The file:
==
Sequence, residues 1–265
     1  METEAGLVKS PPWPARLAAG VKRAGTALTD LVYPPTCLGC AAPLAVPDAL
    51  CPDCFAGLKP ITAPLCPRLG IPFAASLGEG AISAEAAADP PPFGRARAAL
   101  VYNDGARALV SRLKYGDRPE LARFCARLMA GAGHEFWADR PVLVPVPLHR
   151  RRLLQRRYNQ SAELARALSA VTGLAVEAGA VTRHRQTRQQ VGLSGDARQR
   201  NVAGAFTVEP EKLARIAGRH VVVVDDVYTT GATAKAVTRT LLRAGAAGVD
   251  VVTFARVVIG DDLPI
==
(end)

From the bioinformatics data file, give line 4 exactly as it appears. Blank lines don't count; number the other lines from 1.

   101  VYNDGARALV SRLKYGDRPE LARFCARLMA GAGHEFWADR PVLVPVPLHR